A world of plaster cast people, almost identical in many ways, pulled by strings from above to some unknown design.
Gerry Anderson is a maverick and a rebel in many ways. His many programs (running the gamut from Supercar to Space: 1999) are dynamic, exciting and very very strange. A unique mind in the world of science fiction, he’ll probably be remembered best for his invention of that twitching heroic family, the Thunderbirds.
Here is a promo film for The Future was FAB: The Art of Mike Trim, spotlighting the work of the brilliant designer and illustrator who worked closely with Anderson on several projects including Thunderbirds, Stingray and Space: 1999.
The Making of THUNDERBIRDS
But before Thunderbirds, his big hit series from 1961/62, was Supercar. Featuring the biggest eyebrows to ever don a puppet. The tip-top rescue team of Mike Mercury, coke-bottled glassed inventor Professor Rudolph Popkiss, the prim and proper Dr. Horatio Beaker, young Jimmy Gibson, and of course Mitch the wonder chimp starred in a series of high-adventure missions in the most amazing car ever to be thrown across a studio floor into a bath tub.
Supercar opening titles
To show the complete absurdity of Gerry Anderson‘s mind, here is a surreal scene with Mitch the Monkey and “King Cool” from the last episode.
In addition to Supercar, Gerry Anderson’s team also developed Fireball XL5, and Stingray. Each was very similar to the other, all featuring extremely detailed sets and models. The evolution of the marionettes became more evident with each project.
Following these early experiments into the new supermarionation field, the blockbuster Thunderbirds series debuted. A program featuring the adventures of an international rescue team, Thunderbirds also had the most memorable opening sequence ever. The flashing series of highly advanced rescue vehicles burned into first the British mindset and later that of the US.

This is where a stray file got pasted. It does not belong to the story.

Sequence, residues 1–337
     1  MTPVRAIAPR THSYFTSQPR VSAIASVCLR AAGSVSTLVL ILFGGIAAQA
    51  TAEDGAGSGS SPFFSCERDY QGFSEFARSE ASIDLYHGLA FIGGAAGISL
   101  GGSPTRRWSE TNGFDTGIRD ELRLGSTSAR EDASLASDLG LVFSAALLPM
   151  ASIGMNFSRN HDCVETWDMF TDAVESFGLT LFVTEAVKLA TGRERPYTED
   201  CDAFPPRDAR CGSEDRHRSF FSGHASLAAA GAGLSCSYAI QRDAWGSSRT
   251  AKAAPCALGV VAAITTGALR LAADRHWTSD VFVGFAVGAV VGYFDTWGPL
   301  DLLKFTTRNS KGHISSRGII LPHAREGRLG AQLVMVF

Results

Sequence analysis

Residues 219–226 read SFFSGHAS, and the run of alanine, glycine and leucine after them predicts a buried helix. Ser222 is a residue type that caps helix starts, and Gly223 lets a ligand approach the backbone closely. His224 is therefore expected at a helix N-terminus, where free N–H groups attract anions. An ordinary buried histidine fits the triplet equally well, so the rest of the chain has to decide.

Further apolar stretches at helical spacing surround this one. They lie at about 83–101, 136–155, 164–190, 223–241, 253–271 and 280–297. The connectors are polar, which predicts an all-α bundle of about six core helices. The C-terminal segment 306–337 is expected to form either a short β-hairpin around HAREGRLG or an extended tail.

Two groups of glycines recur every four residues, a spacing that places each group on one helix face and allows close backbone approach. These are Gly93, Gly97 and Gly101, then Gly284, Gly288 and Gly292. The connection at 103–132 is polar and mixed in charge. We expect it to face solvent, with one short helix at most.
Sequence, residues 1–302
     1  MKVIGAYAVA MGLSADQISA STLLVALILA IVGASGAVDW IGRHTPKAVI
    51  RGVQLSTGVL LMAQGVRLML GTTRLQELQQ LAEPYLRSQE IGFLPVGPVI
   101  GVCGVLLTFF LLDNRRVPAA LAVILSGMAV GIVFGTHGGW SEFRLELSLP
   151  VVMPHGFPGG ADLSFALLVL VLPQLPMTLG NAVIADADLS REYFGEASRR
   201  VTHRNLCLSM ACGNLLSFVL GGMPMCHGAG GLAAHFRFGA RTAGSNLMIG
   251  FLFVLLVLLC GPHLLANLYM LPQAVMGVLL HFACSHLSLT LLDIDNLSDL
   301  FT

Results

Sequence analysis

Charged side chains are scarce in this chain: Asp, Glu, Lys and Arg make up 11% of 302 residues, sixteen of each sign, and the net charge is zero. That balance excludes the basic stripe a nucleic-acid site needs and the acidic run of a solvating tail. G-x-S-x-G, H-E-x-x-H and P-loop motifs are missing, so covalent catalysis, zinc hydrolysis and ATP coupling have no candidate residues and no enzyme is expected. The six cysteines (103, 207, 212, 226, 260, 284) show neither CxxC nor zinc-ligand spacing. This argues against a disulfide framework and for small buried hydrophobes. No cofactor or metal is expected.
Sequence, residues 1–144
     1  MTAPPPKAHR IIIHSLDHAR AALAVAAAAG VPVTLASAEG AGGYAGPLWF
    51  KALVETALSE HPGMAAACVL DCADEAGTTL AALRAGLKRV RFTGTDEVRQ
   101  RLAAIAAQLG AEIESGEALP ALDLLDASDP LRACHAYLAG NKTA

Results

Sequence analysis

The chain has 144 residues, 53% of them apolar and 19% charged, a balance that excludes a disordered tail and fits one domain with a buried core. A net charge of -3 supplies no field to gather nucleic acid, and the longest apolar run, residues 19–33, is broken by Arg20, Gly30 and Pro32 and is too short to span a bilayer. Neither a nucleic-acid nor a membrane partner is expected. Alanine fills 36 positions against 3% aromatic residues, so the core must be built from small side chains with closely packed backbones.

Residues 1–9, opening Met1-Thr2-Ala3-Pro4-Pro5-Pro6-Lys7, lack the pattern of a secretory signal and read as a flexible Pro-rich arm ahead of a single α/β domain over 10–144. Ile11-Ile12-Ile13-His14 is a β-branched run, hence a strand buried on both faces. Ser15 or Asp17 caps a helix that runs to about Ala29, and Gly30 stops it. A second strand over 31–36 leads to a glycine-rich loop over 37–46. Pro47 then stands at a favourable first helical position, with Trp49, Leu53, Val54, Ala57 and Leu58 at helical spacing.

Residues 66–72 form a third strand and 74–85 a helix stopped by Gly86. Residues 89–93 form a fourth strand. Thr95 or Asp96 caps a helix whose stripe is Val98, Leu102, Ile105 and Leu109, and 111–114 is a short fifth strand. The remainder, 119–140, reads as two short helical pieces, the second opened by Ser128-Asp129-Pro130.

Incredibly successful, Thunderbirds lasted over two season and a pair of feature length movies (and a really bad one made with real people in 2004). Several crew members of the production company worked on Kubrick’s 2001: A Space Odyssey and special fx man Derek Meddings went on to work on the James Bond franchise and the first Superman film (for which he won an Oscar).
THUNDERBIRDS ARE GO!
Both strange and unnerving, once you see the marionettes , you never forget them.
(excerpt of Cliff Richards from the Thunderbirds movie)
Gerry Anderson‘s list of Supermarionation shows goes on forever!
In 1967, the indestructible Captain Scarlet pitted war against the Mysterons.
In 1968, he brought out the trippy Joe 90!
In 1970, Anderson entered the realm of live action drama with UFO. Set in the near future (a fictional version of 1980), the Earth is being harvested for replacement body organs by aliens. Once again turning to ingenious weaponry and inventive crafts, Gerry Anderson pitted model against model in a free for all battle.
The use of live actors was quite a boon and while several wooden actors marched through the series, lots of lovely ladies also waltzed by, including a purple bobbed Gabrielle Drake (sister of the late Nick Drake).
In no time, he was hard at work on his epic masterpiece, the Martin Landau in outer space series, Space: 1999 which featured the adventures of a runaway moon base… what??
Who cares… the opening music is the grooviest theme tune ever created!
Of course we can all have a laugh and in this age of office internet humor, what else can we do with the inventions of yesterday?
Reservoir Thunderbirds is very funny, though.
Check out the cool stuff at the Daily P.O.P. Shop!